It was as if Sara decided to join us in our conversation. Yes Sara, you are welcome any time.

Then it was time to prep a Bible Study for my Church Group. We are studying Paul’s letter to the Philippians. Paul is in prison facing the reality of execution. He writes to encourage the church that he is actually having a great time because the Gospel is going forth. In the particular section we studied, I noticed a few things that really got to me. “To live is Christ. To die is gain.” Paul’s singular focus in his life was Jesus. Nothing else. Given all the things I was just thinking about earlier in the day, this verse took on a new meaning. Faced with death, Paul decides that it is better to live. Well, obviously you might think. But the reason he wants to live is so he can be of service to the church. The only reason he wants to stay alive is so he can build up other people and help them grow in faith and joy. That is intense. Also, he implores the Philippians to live a life worthy of the Gospel. The more I think about it, the more I think that very few people actually do this. The few that do really stand out. We know about them. We know about Mother Teresa. We know about Francis of Assissi. They ended up doing great things, but did not start that way. They began with a simple idea of taking Jesus seriously. They ended up changing the world.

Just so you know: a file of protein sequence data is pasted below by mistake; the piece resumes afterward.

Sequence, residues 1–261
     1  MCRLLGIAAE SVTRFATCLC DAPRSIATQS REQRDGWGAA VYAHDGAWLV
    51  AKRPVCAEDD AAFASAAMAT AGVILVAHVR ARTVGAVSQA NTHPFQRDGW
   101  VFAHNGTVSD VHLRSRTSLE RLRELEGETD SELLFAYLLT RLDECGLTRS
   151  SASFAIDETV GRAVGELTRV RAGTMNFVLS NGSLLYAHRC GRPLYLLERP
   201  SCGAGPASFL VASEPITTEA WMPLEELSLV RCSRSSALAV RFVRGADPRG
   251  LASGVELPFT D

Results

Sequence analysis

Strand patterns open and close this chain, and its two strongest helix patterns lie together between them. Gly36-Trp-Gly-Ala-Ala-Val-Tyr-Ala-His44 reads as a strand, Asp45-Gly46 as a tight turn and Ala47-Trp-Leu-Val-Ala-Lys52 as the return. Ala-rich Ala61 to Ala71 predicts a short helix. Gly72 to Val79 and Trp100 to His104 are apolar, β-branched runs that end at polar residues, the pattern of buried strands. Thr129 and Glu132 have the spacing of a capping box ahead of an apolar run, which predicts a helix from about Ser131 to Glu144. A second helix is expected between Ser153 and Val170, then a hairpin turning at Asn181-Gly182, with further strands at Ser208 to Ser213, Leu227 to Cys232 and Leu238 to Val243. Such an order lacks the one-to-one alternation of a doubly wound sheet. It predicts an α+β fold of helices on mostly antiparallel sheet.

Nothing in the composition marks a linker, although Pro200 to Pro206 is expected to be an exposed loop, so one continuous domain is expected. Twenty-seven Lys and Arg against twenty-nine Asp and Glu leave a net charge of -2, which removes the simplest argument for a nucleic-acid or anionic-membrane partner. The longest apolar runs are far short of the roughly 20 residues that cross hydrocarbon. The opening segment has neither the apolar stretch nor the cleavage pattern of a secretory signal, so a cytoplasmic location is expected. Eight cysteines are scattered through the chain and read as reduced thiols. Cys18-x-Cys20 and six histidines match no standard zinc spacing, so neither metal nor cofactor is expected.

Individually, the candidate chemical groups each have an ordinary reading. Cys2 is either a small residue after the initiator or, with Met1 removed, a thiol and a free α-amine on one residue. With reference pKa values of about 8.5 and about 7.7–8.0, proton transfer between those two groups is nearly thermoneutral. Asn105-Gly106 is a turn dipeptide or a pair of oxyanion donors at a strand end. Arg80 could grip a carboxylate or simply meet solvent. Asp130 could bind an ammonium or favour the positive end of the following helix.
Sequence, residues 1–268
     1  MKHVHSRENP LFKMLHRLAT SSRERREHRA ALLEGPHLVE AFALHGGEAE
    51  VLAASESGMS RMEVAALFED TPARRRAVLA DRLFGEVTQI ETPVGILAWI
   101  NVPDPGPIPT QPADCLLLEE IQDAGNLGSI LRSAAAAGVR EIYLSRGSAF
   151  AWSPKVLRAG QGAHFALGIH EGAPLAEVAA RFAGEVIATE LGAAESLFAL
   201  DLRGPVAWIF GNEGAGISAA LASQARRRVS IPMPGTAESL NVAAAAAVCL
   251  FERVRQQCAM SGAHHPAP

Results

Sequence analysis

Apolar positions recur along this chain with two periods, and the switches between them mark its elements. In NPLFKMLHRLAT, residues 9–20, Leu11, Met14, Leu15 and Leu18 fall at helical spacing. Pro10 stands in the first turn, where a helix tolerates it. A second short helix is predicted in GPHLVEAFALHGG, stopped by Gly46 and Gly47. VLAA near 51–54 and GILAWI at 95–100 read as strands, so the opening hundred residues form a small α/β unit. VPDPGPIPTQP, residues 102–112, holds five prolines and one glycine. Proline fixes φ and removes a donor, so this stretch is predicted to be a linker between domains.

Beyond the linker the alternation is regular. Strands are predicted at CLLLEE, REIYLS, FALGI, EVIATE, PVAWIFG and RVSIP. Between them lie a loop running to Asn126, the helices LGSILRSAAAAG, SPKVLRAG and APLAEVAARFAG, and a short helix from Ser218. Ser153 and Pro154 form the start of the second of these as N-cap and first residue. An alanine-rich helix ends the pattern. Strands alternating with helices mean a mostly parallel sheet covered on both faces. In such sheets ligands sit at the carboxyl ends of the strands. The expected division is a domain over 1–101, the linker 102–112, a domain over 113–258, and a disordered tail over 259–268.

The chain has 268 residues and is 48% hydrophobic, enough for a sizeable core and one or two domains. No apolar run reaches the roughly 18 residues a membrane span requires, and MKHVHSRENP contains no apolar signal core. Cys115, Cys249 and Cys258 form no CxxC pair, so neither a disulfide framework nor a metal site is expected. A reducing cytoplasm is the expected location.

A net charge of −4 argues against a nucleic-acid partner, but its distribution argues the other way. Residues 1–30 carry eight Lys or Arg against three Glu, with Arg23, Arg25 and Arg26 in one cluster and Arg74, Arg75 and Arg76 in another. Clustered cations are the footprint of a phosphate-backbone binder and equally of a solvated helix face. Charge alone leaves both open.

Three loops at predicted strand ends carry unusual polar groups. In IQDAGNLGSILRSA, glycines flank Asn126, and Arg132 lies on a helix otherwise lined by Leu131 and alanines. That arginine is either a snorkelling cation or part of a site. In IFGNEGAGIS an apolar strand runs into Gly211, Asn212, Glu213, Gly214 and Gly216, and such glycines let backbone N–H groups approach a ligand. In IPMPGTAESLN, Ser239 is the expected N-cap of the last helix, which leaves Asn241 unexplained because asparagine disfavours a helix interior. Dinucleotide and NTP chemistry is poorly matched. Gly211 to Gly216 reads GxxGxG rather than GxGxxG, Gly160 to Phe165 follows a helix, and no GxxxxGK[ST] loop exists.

I began the study by saying something I strongly believe the Holy Spirit gave me to say. I said something like (I can’t remember it verbatim) “we all too easily look at Scripture and simply try to understand it. This isn’t entirely wrong, but if we stop there, we miss the point. This is meant to change our lives. It is meant to transform both us and the world around us. This thing is a powder keg if we use it right. So tonight, let us focus on what we should do with it, what it requires of us and what it means for us.” I think it really connected with people and it was one of the best studies we have had in a while. I think God is up to something. I don’t know what, but I want in.

I want in because I don’t want to settle. I don’t want to settle for a “good life.” I don’t want to settle for anything less than the abundant life Jesus promised to his followers. This, I am sure, is not about abundance of possessions or wealth, or even relationships. This is about the Kingdom of God. This is about new life. This is about the redemption of the world. This is about Justice and Righteousness for all people, not just the ones who can afford it or get away with it. And we enter into it by following Jesus where he went. By doing the things that he did. He is out leader.